7. Learned counsel for the appellant submitted that the ground for acquittal by the Trial Court is based on evidence and the reasons given are cogent for holding that the prosecution had failed to prove its case against the accused under Sections 302 and 2012 of the IPC. It was further submitted that the High Court erred in reversing the order of acquittal against the appellant whereas not interfering with the acquittal of the A2 as, basically, the role(s) assigned to both is the same.
8. Learned counsel for the appellant submitted that in the charge framed by the Trial Court, it was clearly mentioned that the specific allegation was that A2 was the person who had come to the house of the deceased two days prior to the fateful incident and taken him away on the pretext that the appellant’s father wanted to meet him whereas during deposition, PW3 and PW8 have stated that it was the appellant who had come and taken the deceased with him.
9. Learned counsel submitted that this very basic aspect which completely changes the theory of last seen cannot result in conviction of the appellant as that is the sole ground for reversal of acquittal by the High Court. It was submitted that the only material to hold that the deceased was last seen in the company of the appellant, by the High Court, was the testimony of PW10, that too based on the extra-judicial confession by the appellant before the police, when PW10 during trial had turned hostile. Thus, it was contended that such finding and reliance on the testimony of PW10 is erroneous. It was submitted that even the alleged recovery is not proved and most importantly there was no forensic examination conducted to prove that the blood belonged to the deceased. The theory of the appellant buying petrol from PW10, who has turned hostile, is also, according to learned counsel for the appellant, enough to entitle the appellant to benefit of doubt.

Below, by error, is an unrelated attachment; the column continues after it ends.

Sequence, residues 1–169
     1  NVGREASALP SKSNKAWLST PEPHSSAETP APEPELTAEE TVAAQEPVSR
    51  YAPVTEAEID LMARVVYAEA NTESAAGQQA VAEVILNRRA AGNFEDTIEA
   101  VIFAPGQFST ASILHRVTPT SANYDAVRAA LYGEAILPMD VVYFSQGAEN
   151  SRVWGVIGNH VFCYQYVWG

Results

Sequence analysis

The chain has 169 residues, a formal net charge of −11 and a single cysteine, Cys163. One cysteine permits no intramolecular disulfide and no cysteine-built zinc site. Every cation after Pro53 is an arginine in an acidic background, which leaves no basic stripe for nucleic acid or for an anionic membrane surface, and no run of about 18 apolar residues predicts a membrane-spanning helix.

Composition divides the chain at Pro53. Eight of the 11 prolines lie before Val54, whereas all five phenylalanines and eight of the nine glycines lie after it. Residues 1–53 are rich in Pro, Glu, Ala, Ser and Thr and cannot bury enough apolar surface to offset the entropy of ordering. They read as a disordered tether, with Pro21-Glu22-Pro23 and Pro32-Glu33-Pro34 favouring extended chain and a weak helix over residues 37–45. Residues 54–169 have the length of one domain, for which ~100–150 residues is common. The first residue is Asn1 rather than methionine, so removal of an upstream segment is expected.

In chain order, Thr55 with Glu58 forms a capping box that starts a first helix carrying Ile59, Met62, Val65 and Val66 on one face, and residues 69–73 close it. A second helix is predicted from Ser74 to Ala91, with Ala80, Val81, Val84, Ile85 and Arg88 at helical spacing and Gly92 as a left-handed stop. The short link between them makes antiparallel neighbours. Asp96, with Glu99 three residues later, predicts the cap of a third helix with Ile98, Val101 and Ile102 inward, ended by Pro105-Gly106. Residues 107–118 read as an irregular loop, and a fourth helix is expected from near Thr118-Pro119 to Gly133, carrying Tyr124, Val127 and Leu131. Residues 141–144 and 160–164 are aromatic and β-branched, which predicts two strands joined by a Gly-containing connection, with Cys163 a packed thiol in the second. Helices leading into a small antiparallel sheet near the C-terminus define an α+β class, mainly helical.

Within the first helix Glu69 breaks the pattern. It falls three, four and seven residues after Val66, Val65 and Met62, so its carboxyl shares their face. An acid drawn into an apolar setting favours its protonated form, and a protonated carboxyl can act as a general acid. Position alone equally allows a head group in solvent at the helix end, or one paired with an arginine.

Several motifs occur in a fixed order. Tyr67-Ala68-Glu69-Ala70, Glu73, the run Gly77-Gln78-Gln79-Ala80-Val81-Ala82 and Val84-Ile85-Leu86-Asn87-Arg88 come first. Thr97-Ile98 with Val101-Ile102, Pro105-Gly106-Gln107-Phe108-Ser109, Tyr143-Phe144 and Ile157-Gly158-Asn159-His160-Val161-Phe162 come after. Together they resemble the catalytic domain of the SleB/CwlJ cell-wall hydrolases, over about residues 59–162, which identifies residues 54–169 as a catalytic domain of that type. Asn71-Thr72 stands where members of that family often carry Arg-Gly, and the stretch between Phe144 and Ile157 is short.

10. It was further submitted that even the deceased’s wife stated in her evidence that there was cordial relationship between the appellant and family of the deceased and thus, the theory of strong animosity also stands negated.
11. Learned counsel submitted that had there been such strong enmity between the two sides, there was no occasion for the deceased to have accompanied the appellant to his house and that too late in the night. It was urged that a strong pointer to the falsity of the allegation(s) is the fact that the deceased’s wife admitted during deposition that even when the deceased did not return for two-three days, she had not made any complaint and a very vague reason for such conduct is given saying that even in the past he (the deceased) used to go away for two-three days.
SUBMISSIONS OF THE RESPONDENT-STATE: